Quadrat-based analysis of two rainforest plots of area 50 ha, one in Panama (Barro Colorado Island, BCI) and the other in Malaysia (Pasoh), shows that in both plots recruitment is in general negatively correlated with both numbers and biomass of adult trees of the same species in the same quadrat. At BCI, this effect is not significantly influenced by treefall gaps. In both plots, recruitment of individual species is negatively correlated with the numbers of trees of all species in the quadrats, but not with overall biomass. These observations suggest, but do not prove, widespread frequency-dependent effects produced by pathogens and seed-predators that act most effectively in quadrats crowded with trees. Within-species correlations of mortality with numbers or biomass are not found in either plot, indicating that most frequency-dependent mortality takes place before the trees reach 1 cm in diameter. Stochastic effects caused by BCI's more rapid tree turnover may contribute to a larger variance in diversity from quadrat to quadrat at BCI, although they are not sufficient to explain why BCI has fewer than half as many tree species as Pasoh. Finally, in both plots quadrats with low diversity show a significant increase in diversity over time, and this increase is stronger at BCI. This process, like the frequency-dependence, will tend to maintain diversity over time. In general, these non-random forces that should lead to the maintenance of diversity are slightly stronger at BCI, even though the BCI plot is less diverse than the Pasoh plot.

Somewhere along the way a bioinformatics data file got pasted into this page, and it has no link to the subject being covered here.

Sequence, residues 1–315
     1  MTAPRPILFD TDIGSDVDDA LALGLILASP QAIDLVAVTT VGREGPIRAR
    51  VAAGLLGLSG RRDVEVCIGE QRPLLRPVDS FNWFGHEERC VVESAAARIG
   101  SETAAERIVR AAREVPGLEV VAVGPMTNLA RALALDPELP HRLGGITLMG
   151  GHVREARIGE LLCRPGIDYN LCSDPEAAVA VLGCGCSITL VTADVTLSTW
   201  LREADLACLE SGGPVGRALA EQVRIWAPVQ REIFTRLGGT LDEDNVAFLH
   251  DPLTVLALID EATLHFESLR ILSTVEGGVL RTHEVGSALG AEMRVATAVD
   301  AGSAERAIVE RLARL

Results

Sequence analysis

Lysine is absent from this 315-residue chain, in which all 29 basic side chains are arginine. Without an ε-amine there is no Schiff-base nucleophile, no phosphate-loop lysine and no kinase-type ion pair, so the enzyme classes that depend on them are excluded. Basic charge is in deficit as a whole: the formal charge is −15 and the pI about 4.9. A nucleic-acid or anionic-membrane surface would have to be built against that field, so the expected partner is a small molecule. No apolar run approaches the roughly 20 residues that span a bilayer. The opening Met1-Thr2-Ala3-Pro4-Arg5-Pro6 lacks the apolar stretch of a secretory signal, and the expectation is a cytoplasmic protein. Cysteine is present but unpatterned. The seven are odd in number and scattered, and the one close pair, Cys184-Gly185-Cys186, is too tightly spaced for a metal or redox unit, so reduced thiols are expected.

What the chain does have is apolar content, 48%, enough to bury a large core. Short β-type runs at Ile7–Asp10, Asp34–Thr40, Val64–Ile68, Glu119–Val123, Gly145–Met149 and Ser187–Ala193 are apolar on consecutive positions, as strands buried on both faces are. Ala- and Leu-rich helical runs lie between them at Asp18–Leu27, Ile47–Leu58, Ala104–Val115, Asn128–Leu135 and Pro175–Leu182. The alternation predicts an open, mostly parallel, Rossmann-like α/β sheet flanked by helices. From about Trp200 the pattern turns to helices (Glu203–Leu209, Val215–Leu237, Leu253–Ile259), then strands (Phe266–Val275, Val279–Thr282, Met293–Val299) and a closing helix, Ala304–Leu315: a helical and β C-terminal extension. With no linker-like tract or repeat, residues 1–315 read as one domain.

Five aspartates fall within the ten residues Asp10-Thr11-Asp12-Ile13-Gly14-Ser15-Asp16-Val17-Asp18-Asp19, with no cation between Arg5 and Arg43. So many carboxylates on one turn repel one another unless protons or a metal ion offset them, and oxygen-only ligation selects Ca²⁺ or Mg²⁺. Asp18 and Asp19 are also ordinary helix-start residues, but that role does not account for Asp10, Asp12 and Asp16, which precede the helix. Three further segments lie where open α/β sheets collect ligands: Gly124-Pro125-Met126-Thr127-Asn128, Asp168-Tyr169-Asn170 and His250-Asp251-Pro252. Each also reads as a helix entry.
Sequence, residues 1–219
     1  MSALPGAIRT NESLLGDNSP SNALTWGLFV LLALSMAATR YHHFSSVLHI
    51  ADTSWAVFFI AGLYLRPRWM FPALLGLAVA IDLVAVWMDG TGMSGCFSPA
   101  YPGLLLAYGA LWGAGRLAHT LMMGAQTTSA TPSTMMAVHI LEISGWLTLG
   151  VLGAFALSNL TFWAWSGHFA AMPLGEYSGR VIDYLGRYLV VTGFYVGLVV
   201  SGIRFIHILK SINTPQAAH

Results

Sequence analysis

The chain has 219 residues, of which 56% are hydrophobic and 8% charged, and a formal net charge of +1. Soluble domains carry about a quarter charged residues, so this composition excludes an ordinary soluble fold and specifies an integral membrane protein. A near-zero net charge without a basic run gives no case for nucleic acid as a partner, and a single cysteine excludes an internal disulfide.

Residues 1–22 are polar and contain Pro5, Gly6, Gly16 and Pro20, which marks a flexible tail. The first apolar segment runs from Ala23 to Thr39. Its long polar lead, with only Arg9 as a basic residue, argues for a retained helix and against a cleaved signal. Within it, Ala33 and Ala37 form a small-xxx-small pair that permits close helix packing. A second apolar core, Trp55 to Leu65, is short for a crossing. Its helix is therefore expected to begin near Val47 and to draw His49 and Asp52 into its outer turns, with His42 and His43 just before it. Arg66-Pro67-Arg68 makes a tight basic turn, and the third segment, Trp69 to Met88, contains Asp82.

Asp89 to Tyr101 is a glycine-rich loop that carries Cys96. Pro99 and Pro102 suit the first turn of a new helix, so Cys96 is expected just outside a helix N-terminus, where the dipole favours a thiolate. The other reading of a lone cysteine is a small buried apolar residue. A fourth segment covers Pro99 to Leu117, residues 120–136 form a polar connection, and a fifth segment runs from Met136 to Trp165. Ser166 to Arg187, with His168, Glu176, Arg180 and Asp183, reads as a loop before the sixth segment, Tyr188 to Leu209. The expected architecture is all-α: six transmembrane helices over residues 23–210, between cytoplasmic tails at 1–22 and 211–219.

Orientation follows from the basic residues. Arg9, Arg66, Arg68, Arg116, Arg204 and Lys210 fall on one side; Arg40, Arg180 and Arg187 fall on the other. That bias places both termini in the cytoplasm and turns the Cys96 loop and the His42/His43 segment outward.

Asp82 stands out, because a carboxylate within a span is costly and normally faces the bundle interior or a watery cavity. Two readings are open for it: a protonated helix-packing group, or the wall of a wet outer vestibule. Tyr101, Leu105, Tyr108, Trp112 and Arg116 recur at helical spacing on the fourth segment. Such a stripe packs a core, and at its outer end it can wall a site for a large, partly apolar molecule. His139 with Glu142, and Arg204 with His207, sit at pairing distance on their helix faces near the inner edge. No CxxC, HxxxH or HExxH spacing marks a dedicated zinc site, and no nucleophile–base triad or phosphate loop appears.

* Title and MeSH Headings from MEDLINE®/PubMed®, a database of the U.S. National Library of Medicine.